The first suggested protocol for CFC was developed by Salih et al., and it is based on a chain of nested MZIs.11,13 Following its publication, this fascinating protocol has been subject to both intense criticism and vigorous defense. There are four main points of discussion: (1) Achieving a high success probability (say > 95%) requires thousands of optical elements.11,12,14 (2) An analysis of the Fisher information flow indicates that to retain counterfactuality in Salih’s protocol, perfect quantum channels are needed.15 (3) If one performs a weak measurement in Bob’s lab, one can detect the presence of photons that are later found in Alice’s laboratory. Some authors have argued that the presence of the “weak trace” renders the counterfactuality of the protocol invalid,16,17,18,19 but others have dismissed the weak trace as a consequence of the unwanted weak measurement’s disturbance.20,21,22 (4) Unless operated in the theoretical limit of infinite optical operations, this scheme requires post-selection to remove the CFC violations.13,21,23 It has recently been shown that also a classical communication protocol can be counterfactual if post-selection is allowed.14

To circumvent these issues, we implement a novel CFC protocol12 that does not need post-selection and requires orders of magnitude fewer optical elements than nested MZI protocols. In our scheme single photons travel from Alice to Bob but information from Bob to Alice; this has been dubbed type-II CFC, in contrast to type-I schemes, where the photon should remain with Alice throughout the protocol.15 In both types the particles and the information never co-propagate, thereby making the communication counterfactual. Note that the very recent proposals23,24 discussing means of making the Salih scheme trace-free still require the post-selected removal of non-counterfactual events, as well as thousands of ideal optical operations.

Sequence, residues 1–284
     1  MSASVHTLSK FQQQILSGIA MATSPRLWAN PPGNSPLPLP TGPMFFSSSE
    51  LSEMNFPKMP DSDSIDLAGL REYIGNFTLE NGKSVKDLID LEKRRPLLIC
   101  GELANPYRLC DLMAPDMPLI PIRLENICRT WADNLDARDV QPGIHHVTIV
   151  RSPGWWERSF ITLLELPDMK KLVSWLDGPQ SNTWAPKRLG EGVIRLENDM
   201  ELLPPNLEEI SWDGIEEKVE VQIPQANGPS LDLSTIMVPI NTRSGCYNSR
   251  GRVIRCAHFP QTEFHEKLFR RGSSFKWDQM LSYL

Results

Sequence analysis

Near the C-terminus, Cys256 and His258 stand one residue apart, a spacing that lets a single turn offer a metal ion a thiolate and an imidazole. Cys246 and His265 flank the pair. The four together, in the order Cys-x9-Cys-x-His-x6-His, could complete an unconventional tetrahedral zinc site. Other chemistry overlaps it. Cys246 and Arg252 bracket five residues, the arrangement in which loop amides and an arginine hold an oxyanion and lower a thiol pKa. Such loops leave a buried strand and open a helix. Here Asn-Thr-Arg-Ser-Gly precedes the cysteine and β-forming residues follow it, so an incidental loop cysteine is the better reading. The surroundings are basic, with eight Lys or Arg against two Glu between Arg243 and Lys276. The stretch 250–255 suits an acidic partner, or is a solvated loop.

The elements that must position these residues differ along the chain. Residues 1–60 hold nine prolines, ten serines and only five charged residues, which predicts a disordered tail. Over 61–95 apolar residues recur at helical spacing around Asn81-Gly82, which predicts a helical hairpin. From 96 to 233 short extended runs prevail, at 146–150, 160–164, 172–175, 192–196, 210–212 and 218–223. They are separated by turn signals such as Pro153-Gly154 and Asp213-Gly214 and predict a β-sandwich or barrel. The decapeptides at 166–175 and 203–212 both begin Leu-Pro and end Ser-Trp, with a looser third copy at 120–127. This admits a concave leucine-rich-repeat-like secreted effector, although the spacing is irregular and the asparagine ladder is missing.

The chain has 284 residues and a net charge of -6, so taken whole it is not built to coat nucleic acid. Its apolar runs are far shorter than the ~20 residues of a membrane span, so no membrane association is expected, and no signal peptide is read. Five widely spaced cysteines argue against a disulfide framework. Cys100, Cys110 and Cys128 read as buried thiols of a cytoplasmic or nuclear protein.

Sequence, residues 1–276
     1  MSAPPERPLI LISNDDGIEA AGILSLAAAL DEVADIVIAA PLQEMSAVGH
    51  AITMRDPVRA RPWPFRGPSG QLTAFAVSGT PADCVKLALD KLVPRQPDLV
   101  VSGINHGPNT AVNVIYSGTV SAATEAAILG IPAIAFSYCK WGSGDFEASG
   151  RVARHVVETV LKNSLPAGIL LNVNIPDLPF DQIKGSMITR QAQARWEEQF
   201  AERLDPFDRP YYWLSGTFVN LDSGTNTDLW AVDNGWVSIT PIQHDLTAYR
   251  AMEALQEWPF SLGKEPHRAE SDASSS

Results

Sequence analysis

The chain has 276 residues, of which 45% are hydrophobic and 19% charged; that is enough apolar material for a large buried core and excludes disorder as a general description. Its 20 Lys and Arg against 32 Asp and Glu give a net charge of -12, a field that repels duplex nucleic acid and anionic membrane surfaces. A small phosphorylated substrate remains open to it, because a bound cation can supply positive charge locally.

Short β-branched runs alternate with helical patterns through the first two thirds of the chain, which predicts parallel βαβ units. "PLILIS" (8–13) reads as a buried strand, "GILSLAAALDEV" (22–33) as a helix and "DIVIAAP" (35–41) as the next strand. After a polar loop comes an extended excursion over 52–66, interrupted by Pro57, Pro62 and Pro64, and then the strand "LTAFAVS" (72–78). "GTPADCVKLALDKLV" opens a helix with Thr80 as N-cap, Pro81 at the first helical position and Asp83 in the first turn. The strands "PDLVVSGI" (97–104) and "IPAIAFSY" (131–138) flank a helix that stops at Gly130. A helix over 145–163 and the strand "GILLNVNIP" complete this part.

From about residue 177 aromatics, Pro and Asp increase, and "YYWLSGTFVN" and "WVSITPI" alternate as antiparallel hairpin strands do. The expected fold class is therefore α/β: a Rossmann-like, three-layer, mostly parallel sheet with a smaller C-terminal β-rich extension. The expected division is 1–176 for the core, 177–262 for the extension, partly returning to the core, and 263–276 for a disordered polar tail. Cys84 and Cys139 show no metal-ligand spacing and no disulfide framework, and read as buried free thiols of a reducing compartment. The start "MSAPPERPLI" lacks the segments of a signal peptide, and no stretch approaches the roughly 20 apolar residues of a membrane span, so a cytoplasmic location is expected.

Results

We perform our experiment using telecom single-photons in a state-of-the-art programmable nanophotonic processor (PNP),25 which is orders of magnitude more precise and stable than previous bulk-optic approaches.5,6 Our PNP also provides unprecedented tunability, which we use to investigate the scaling of the protocol by changing the number of chained interferometers. By combining the novel CFC protocol with our advanced photonic technology, we are able to implement counterfactual communication with a bit success probability above 99%, without post-selection. As in previous CFC protocols, the interferometer implementing the quantum Zeno effect is shared between Bob’s laboratory and the fully passive transmission channel. In contrast to these protocols, ours protocol allows for Alice’s laboratory to be situated outside the interferometer. As a result, even our proof-of-principle demonstration would allow for counterfactual communication over arbitrary distances, even if the region in which the non-local information transfer takes place is bounded by the size of the PNP.